Access

You are not currently logged in.

Access your personal account or get JSTOR access through your library or other institution:

login

Log in to your personal account or through your institution.

If you need an accessible version of this item please contact JSTOR User Support

Precopulatory Sexual Interaction in an Arctiid Moth (Utetheisa ornatrix): Role of a Pheromone Derived from Dietary Alkaloids

William E. Conner, Thomas Eisner, Robert K. Vander Meer, Angel Guerrero and Jerrold Meinwald
Behavioral Ecology and Sociobiology
Vol. 9, No. 3 (1981), pp. 227-235
Published by: Springer
Stable URL: http://www.jstor.org/stable/4599437
Page Count: 9
  • Download ($43.95)
  • Cite this Item
If you need an accessible version of this item please contact JSTOR User Support
Precopulatory Sexual Interaction in an Arctiid Moth (Utetheisa ornatrix): Role of a Pheromone Derived from Dietary Alkaloids
Preview not available

Abstract

Males of Utetheisa ornatrix have a pair of brushlike glandular structures, the coremata, which they evert from the abdomen during close-range precopulatory interaction with the female. Males experimentally deprived of coremata are less acceptable to females. The principal chemical associated with the coremata, identified as a pyrrolizine (hydroxydanaidal), has a proven pheromonal role: males raised under conditions where they fail to produce hydroxydanaidal are also less likely to succeed in courtship, and the compound itself, as its (-)-isomer, is capable of inducing the principal receptive response (wing raising) of the female. Evidence is presented indicating that Utetheisa derive hydroxydanaidal from defensive pyrrolizidine alkaloids that they sequester from their larval foodplants (Crotalaria spp.). It is proposed that in addition to signalling male presence to the female, hydroxydanaidal may provide the means whereby the female assesses the alkaloid content of the male and therefore his degree of chemical protectedness. The argument is made that such pheromonal assessment of defensive capacity may occur also in other insects, including danaid butterflies, many of which share with Utetheisa a dependence on pyrrolizidine alkaloids for sex-pheromone production.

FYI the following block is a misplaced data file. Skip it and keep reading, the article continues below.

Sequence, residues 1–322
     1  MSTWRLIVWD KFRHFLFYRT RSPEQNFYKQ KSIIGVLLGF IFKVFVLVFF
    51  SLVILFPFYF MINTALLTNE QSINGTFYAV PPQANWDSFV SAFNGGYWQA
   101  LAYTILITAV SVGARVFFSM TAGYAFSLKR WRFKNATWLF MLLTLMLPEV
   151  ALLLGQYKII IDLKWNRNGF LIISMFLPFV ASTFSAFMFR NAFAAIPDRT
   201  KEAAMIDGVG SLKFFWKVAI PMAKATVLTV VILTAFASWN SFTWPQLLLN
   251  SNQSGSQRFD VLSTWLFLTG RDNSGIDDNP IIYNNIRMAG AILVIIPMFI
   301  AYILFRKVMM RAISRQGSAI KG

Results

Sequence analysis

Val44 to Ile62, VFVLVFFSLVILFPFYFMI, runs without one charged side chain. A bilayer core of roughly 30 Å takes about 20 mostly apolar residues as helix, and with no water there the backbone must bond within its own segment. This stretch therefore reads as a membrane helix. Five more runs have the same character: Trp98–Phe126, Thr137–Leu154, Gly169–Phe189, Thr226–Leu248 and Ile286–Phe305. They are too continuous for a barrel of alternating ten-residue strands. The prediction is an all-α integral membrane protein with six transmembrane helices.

Page Thumbnails

  • Thumbnail: Page 
[227]
    [227]
  • Thumbnail: Page 
228
    228
  • Thumbnail: Page 
229
    229
  • Thumbnail: Page 
230
    230
  • Thumbnail: Page 
231
    231
  • Thumbnail: Page 
232
    232
  • Thumbnail: Page 
233
    233
  • Thumbnail: Page 
234
    234
  • Thumbnail: Page 
235
    235